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NEWS
December 1, 2010
Once again the 30-plus-year windbag, Los Angeles County Supervisor Mike Antonovich, gets published in the Burbank Leader in his ongoing effort to make it 40 or more years at the public trough ("Not the proper time for a bag ban," Nov. 24). A while back, someone gave me some reusable bags. I use them all the time now — easier and more comfortable to handle, hold my groceries better, and don't cut into my fingers as plastic bags do. I am 76 years old. Come on seniors, get interested in new and innovative things, especially if they help the environment.
FEATURES
By Jeremy Oberstein | December 21, 2008
BURBANK — Fiona Soukup, a 45-year-old South African native with two young children, long ago eschewed using single-use plastic bags while shopping. For Americans, though, transferring from plastic to reusable bags is just starting to take hold. That challenge was illustrated Thursday in Burbank, when city workers fanned out at retail outlets across the city to educate shoppers on the environmental dangers of plastic bags. Employees with the city’s recycling center also handed out 2,500 green and brown reusable bags while asking consumers to talk on video about their transformation away from plastic during the second annual Day Without a Bag. “I think it’s awesome,” said Soukup, who now lives in Santa Clarita.
NEWS
November 27, 2010
I completely disagree with Los Angeles County Supervisor Mike Antonovich's "no" vote on banning single-use plastic bags in the county and his reasons for doing so ("Not the proper time for a bag ban," Nov. 24). He claims it puts an unfair burden on the consumer and businesses. I say not banning single-use plastic bags puts an unfair burden on our environment. And, like it or not, we need our environment to be healthy or we won't have anything left to consume. No one can deny that our environment has been badly abused.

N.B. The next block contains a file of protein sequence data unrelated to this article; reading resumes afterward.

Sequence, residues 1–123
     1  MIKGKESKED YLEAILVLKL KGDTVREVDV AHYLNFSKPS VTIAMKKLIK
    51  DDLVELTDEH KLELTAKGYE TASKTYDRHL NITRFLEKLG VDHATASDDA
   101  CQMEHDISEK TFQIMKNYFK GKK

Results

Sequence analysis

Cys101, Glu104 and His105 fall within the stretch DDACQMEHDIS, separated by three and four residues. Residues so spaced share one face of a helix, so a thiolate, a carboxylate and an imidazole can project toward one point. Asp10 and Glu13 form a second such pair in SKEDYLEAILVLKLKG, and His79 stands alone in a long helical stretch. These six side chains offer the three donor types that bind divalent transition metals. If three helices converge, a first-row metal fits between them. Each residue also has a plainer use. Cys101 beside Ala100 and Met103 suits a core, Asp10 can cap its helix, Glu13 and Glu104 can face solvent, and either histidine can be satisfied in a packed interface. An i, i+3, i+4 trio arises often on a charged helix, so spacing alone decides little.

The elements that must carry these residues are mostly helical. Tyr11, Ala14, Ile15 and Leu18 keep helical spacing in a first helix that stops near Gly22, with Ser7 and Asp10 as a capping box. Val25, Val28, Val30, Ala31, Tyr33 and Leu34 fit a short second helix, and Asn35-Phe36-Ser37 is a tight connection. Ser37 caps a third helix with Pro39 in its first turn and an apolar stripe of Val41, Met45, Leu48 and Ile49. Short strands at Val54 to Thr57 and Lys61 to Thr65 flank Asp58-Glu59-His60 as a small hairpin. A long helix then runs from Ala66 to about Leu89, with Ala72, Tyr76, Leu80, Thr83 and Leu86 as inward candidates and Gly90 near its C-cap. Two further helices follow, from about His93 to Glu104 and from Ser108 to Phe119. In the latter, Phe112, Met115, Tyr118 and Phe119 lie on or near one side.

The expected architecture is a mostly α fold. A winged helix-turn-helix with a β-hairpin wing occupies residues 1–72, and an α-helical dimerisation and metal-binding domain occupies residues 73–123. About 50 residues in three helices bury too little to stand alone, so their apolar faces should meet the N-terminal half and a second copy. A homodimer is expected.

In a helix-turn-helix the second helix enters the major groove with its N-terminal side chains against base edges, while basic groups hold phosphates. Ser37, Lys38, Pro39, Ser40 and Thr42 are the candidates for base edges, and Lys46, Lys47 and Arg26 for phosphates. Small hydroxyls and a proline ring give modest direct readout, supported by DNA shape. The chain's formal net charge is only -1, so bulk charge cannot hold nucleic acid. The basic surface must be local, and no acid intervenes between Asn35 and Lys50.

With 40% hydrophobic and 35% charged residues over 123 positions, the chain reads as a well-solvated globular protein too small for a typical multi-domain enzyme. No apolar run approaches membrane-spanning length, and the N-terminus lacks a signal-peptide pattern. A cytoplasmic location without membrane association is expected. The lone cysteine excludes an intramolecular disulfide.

NEWS
December 8, 2010
I take issue with Jeri Anderson's letter in disagreement of Los Angeles County Mike Antonovich's position on plastic bags ("We can live better without plastic bags," Dec. 4). Everyone agrees that improperly discarded plastic bags make a mess. However, there are solutions and considerations, other than prohibiting the use of these bags, that we must discuss before we can solve this problem. First, how much harm to the environment do canvas bags cause in their manufacture, transportation and disposal?
NEWS
May 12, 2010
Magazine begins storytelling Gakavig Children's Magazine recently launched its children's storytelling program with its first event at Borders Bookstores in Glendale on April 25. The magazine was launched Feb. 3 in Burbank. Storytelling will be in Armenian and English, and will include audience participation. Children will also have a chance to explore their creativity through arts and crafts. For more information, call Gakavig Children's Magazine at (818) 548-2438 or e-mail gakavig@gmail.
NEWS
By Zain Shauk | April 8, 2009
BURBANK — A plug-in hybrid car, electric bicycles, eco-friendly cleaners and homemade reusable bags were on display for the Buena Vista Library’s sustainability day, where visitors got a range of suggestions for living greener lives. From recycling tips to lessons on energy-efficient light bulbs, representatives from city departments, local organizations and businesses offered pointers to help residents move toward Burbank’s goal of being a zero-waste city by 2040.
NEWS
December 15, 2010
"So this is Christmas, and what have you done…another year older and a new one just begun ... " I take more pride in all the little things I do than anything else. Buying presents all through the year and putting them away finally pays off at Christmas. I have more time and fun. In reality, Christmas and the holiday season are just a spectacular end and beginning to another year of our lives. Christmas is peace, and why not? Just imagine for one moment, maybe as you stare at the lights on your Christmas tree, China is booming because China spends nothing on war. She is not fighting with anyone, although she is also not yet helping with North Korea.
ARTICLES BY DATE
NEWS
By Alene Tchekmedyian, alene.tchekmedyian@latimes.com | August 30, 2013